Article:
15 December 2009
Martina Neises is writing her doctoral dissertation at the German Aerospace Center (Deutsches Zentrum für Luft- und Raumfahrt; DLR). The mechanical engineer has set her sights high: "I wanted to work on something that would positively change our future lives."
DLR (CC-BY 3.0).
Mechanical engineer Martina Neises at the Plataforma Solar in Almería – the things that work here on a large scale are optimised on a laboratory scale in her Hydrosol plant.
The doctoral candidate has developed a research reactor at the German Aerospace Center (Deutsches Zentrum für Luft- und Raumfahrt; DLR) in Cologne. Her research reactor does not work with solar energy but with artificially generated sunlight. This means that the researcher is not dependent on good weather for performing her measurements and, at the same time, always has exactly the same conditions. "That is the only way that I can compare my results,' the scientist says.
Concentrated solar systems such as the tower power plant at the Plataforma Solar in Almería will play a major role in the energy supply of the future, Martina Neises is convinced of that.
By Dorothee Bürkle
One day, we will be able to refuel with solar energy – that is the vision of Martina Neises; and that is what she is working on. As a postgraduate student working towards a doctorate in solar research at the German Aerospace Center (Deutsches Zentrum für Luft- und Raumfahrt; DLR) in Cologne, she is researching a process that uses solar energy to produce hydrogen. The first steps along this path have already been successfully taken by DLR scientists together with partners from other research facilities and industry. Martina Neises simply wants to improve the process.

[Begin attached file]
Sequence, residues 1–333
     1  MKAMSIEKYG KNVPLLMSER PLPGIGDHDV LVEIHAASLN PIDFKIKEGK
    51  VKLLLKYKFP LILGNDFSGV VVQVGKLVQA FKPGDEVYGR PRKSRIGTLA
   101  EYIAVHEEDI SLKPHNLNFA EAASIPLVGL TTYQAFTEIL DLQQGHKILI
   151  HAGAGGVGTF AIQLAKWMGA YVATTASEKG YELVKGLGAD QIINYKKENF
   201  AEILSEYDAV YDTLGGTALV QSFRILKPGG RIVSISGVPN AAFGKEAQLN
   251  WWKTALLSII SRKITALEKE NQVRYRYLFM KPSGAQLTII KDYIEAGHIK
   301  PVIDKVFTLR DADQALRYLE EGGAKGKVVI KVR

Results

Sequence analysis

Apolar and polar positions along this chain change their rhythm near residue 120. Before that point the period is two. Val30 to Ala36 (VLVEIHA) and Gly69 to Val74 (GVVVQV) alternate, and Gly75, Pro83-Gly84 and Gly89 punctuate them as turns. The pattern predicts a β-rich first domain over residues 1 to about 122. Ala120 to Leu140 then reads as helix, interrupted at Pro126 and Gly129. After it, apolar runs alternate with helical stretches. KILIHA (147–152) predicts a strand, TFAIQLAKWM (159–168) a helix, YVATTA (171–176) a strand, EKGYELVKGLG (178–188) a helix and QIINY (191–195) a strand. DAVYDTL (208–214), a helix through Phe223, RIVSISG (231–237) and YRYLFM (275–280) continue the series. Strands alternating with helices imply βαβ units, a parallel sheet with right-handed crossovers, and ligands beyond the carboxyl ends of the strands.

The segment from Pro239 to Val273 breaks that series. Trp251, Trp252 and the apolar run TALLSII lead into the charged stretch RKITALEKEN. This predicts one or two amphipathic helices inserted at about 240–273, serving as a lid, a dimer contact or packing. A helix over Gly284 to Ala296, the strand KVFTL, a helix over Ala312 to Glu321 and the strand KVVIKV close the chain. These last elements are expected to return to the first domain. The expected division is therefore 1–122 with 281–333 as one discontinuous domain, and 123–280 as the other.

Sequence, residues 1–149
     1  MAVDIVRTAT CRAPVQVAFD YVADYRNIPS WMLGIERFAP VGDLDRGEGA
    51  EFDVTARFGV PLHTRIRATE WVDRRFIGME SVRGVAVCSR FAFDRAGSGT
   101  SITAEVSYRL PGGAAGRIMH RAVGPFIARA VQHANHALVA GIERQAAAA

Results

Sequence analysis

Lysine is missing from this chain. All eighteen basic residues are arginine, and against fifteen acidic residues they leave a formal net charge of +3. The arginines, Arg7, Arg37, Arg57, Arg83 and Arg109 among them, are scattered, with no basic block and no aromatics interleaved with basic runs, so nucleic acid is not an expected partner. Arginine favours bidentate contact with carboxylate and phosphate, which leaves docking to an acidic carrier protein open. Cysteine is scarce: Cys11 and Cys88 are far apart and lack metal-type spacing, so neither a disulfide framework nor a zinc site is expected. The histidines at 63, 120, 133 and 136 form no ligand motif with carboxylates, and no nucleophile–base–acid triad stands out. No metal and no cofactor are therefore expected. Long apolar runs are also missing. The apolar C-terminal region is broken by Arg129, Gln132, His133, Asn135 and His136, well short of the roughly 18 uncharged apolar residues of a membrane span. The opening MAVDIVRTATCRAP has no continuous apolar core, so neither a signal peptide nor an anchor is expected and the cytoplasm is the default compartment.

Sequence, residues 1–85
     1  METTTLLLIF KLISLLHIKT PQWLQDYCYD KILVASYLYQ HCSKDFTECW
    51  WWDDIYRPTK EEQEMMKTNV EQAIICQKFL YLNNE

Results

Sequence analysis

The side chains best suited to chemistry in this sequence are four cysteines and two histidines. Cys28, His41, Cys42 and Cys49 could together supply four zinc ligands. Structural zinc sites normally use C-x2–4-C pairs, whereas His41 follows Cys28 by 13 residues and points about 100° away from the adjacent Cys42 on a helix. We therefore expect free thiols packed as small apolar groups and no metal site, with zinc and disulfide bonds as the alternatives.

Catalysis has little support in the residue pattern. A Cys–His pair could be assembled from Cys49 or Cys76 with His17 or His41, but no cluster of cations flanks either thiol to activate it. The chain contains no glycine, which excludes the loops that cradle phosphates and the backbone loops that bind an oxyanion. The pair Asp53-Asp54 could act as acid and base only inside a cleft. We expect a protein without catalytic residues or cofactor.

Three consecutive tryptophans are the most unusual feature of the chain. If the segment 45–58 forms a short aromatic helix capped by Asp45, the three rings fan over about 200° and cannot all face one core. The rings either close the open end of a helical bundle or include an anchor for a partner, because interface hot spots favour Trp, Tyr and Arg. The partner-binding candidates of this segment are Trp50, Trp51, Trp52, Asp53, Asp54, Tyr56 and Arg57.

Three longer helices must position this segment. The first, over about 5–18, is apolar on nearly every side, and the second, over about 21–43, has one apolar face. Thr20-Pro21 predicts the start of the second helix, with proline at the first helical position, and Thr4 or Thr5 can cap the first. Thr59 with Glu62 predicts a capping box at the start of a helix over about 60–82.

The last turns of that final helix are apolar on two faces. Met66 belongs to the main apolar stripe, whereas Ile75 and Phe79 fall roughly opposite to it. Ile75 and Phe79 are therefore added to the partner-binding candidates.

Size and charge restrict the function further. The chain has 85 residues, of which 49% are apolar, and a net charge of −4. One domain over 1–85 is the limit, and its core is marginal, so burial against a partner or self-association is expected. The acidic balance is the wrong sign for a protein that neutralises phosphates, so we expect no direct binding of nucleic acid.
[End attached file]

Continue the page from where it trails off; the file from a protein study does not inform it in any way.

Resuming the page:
Many offers – sights set high
At the end of her mechanical engineering degree at RWTH Aachen University, Martina Neises received several offers with regard to her degree dissertation – and she set her sights very high: “I wanted to work on something that would positively change our future lives.” When, in a lecture about solar concentrating technology, she learned about the research areas at DLR, she knew immediately that was the field in which she wanted to conduct research. After her degree dissertation at the DLR Institute of Technical Thermodynamics in Cologne, she started on her doctoral dissertation on solar hydrogen production.
“I was always good at maths and physics,” Martina Neises recalls. Puzzling things out, trying things and lending a hand was something she was familiar with from a childhood spent on her parents’ farm. Today Martina Neises is experimenting with things in the laboratory of a major research facility. Her task: she wants to optimise the reactor that produces hydrogen by means of solar energy. A pilot reactor was constructed in 2008 at the Plataforma Solar de Almería in Spain. That was when researchers succeeded for the first time in producing hydrogen in a plant on the 100-kilowatt scale by using concentrated solar energy. On the same principle as the Plataforma Solar de Almería – if on a somewhat smaller scale – the mechanical engineer built the Hydrosol plant in Cologne.
Martina Neises is a calm young woman, decisive and alert. With a practiced movement she pushes the large glass screen in front of the test rig up and places a circular, two-and-a-half-centimetre ceramic honeycomb structure at the centre of her small reactor. This cylinder, coated with iron oxide, forms the heart of the reactor with which the DLR researchers are producing hydrogen directly using solar energy. In a first step, the reactor heats the coated honeycomb structure of the reactor to 1,200 degrees centigrade. At these temperatures, the iron oxide coating of the honeycomb is chemically reduced; a part of the oxygen is released and transported out of the reactor.